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8-Year-Old Boy Among Those Killed In Boston Bombing


We've learned more today about the three people killed in yesterday's bombing. The third victim is a Chinese citizen according to the Chinese consulate in New York. Independently, Boston University identifies the third fatality as one of its graduate students. The person's name has yet to be released. The second victim's name did become public today: Krystle Campbell of Arlington, Massachusetts. She was 29 years old. This afternoon, Campbell's mother read a tearful statement to reporters gathered at the front of her house.

PATTY CAMPBELL: I couldn't ask for a better daughter. I can't believe this has happened. She was such a hard worker at everything she did. This doesn't make any sense.

SIEGEL: The first victim to be identified was an 8-year-old boy named Martin Richard. His family was watching the race when the bomb detonated near the finish line. His mother and sister were seriously injured. NPR's Jeff Brady tells us more about the boy and about his family.

JEFF BRADY, BYLINE: Boston Mayor Tom Menino was the first to publicly reference Martin Richard's death, and he put the loss in a larger context of what his city is experiencing now.

MAYOR TOM MENINO: Yesterday, terror was brought to the city of Boston. Tragedy was brought to one of our neighbors also. This is a close-knit place, the city of Boston. Here, we know our neighbors, we grieve for them. We grieve for the little boy who we knew from Dorchester.

BRADY: At the Martin family house in the Dorchester section of Boston, there is a bouquet of flowers and a candle out front. No one answered the front door. In a statement, the family asked for privacy.

JANE SHERMAN: They live next door. I've known them since they moved in.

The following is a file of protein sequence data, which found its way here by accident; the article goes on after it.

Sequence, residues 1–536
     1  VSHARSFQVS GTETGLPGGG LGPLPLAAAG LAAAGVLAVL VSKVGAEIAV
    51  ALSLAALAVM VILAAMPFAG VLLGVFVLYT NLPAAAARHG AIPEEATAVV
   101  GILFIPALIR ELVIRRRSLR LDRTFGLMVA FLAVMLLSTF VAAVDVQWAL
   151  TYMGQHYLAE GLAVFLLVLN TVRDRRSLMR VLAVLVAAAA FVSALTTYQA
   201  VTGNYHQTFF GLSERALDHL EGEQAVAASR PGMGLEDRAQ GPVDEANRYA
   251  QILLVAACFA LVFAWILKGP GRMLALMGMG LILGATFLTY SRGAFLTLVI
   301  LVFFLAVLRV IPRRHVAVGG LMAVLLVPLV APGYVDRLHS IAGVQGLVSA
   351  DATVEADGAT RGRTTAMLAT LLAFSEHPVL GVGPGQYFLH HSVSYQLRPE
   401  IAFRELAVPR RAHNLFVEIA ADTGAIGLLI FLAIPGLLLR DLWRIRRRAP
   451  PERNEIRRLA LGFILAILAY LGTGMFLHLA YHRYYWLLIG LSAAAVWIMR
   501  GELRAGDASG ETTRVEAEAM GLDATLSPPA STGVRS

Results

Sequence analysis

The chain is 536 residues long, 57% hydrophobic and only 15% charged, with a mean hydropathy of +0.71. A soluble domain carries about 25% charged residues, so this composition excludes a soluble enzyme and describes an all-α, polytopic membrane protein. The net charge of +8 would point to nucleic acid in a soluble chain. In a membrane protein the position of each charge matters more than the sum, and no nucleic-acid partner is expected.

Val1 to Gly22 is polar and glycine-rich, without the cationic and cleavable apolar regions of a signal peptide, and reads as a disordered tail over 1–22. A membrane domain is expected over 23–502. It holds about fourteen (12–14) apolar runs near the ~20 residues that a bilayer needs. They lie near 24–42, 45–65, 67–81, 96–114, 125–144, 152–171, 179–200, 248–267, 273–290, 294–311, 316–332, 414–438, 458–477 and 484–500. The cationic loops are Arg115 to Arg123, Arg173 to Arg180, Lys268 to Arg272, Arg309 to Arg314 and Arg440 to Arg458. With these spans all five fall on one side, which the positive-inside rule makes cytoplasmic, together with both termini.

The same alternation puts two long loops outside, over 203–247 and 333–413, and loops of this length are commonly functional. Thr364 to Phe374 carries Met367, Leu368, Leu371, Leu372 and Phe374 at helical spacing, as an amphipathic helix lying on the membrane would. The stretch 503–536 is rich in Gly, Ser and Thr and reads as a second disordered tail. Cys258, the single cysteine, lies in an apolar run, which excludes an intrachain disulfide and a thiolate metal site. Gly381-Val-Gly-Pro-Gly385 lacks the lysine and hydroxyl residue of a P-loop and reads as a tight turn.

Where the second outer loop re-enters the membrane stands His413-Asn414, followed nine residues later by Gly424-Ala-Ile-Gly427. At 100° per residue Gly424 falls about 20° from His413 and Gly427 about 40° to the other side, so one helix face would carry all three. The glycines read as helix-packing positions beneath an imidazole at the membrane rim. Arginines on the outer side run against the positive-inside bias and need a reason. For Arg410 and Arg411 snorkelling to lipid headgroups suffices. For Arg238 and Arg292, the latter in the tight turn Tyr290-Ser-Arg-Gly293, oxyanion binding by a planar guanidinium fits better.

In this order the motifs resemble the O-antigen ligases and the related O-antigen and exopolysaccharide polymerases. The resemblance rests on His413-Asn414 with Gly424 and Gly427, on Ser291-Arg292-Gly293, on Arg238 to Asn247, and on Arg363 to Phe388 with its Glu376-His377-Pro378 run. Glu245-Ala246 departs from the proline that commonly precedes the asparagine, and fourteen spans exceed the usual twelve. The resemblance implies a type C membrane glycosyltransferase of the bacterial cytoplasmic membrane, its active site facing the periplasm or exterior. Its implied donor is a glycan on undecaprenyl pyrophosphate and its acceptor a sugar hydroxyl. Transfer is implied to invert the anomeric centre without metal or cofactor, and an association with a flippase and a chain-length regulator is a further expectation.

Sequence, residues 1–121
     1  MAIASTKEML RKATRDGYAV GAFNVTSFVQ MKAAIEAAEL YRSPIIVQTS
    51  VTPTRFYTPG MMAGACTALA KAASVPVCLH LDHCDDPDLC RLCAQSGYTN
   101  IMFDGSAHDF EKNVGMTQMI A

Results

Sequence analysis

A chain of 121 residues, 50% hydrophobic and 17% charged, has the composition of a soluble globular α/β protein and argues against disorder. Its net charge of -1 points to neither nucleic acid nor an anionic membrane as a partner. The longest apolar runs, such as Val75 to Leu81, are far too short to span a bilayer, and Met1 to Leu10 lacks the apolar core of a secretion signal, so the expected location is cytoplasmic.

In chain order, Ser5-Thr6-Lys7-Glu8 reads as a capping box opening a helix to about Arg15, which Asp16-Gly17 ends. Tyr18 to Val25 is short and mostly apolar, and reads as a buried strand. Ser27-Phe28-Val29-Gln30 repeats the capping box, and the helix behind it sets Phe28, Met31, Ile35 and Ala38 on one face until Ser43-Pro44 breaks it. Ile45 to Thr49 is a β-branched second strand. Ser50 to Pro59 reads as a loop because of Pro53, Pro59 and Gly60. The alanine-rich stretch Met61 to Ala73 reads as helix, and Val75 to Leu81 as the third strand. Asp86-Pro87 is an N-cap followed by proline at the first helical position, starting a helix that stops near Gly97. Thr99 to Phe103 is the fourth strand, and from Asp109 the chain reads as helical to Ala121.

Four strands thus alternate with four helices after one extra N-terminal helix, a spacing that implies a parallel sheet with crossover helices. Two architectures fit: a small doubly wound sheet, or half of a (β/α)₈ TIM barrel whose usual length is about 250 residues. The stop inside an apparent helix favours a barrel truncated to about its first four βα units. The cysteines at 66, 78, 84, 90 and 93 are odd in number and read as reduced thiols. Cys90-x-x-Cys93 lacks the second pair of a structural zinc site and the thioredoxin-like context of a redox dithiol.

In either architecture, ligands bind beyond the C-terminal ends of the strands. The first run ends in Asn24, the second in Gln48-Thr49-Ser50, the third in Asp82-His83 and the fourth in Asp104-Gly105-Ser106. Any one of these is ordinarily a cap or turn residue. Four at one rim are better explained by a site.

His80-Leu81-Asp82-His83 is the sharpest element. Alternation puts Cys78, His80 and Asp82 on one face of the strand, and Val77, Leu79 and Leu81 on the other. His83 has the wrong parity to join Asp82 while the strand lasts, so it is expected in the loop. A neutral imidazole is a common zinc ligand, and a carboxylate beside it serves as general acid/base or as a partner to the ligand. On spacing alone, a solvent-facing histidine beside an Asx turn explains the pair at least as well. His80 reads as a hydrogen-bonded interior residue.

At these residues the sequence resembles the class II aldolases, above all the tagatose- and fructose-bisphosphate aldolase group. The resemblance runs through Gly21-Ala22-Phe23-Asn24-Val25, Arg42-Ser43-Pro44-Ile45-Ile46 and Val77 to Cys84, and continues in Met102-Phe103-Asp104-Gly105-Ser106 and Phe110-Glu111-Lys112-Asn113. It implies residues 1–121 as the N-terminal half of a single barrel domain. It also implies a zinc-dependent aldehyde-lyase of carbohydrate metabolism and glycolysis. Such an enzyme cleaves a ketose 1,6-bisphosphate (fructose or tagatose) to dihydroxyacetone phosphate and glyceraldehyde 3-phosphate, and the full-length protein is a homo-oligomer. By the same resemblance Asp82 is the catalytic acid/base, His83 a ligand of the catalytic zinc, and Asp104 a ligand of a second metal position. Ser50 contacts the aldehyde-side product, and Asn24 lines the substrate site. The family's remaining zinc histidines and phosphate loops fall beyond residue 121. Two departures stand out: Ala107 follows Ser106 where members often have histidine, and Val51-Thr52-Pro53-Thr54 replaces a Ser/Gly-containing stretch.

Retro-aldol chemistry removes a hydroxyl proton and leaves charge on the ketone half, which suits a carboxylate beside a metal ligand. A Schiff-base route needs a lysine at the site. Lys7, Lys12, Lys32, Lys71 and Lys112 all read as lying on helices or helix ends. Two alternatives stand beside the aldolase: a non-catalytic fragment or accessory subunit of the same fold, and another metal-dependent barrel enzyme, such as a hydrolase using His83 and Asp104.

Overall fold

BRADY: Neighbor Jane Sherman says the Richard family has lived here about 15 years. She learned of Martin's death when his father came home wearing hospital scrubs.

SHERMAN: He came home last night about 10:30 when I was outside with my dog. And a friend of his had driven him home. And I said, Bill, are you OK? And he didn't answer me. And his friend said to me, no. And I said, what happened? And he just said that Martin was the child that died. And I just could not - and my heart just fell.

BRADY: Sherman says Martin was a happy 8-year-old boy who she'd see riding his bike and playing with friends. She says he didn't seem to have any worries or cares.

SHERMAN: Sandy blond hair. He was just adorable, like a little munchkin. And it's just devastating. It's a devastating loss, not only for them, but for everybody that knows them.

BRADY: Martin's father, Bill Richard, released a statement through a spokesperson. He said, quote, "My dear son Martin has died from injuries sustained in the attack on Boston. My wife and daughter are both recovering from serious injuries. We thank our family and friends, those we know and those we have never met, for their thoughts and prayers." Bill Forry is editor of the Dorchester Reporter and he knows the Richard family. He spoke to member station WBUR this morning

BILL FORRY: News spread very quickly through a very tight-knit neighborhood where this couple and their family are very well regarded. Both Bill and Denise are considered, really, pillars of that neighborhood.

BRADY: Forry says the Richard family is very active in local civic affairs and the kids play sports. Meanwhile, one official after another talked about how Boston will recover from these tragic explosions. Massachusetts State Police Superintendent Timothy Alben says across the city, law enforcement and National Guard troops will be posted at least for a few days.

COLONEL TIMOTHY ALBEN: That's not for any particular reason other than to provide some comfort to the public who are using transportation centers or going about their business.

BRADY: Of particular concern are the thousands of people who were involved in the Boston Marathon yesterday. A resource center has been set up to provide them with information about help they may need. Massachusetts Governor Deval Patrick says an interfaith community service is planned for the near future. He says the purpose will be to help the community heal.

Around town, many commuters today said part of their response to this tragic event was to go on about their day and not let whoever did this scare them into staying home. Jeff Brady, NPR News, Boston.


SIEGEL: You're listening to ALL THINGS CONSIDERED from NPR News. Transcript provided by NPR, Copyright NPR.

Jeff Brady is a National Desk Correspondent based in Philadelphia, where he covers energy issues and climate change. Brady helped establish NPR's environment and energy collaborative which brings together NPR and Member station reporters from across the country to cover the big stories involving the natural world.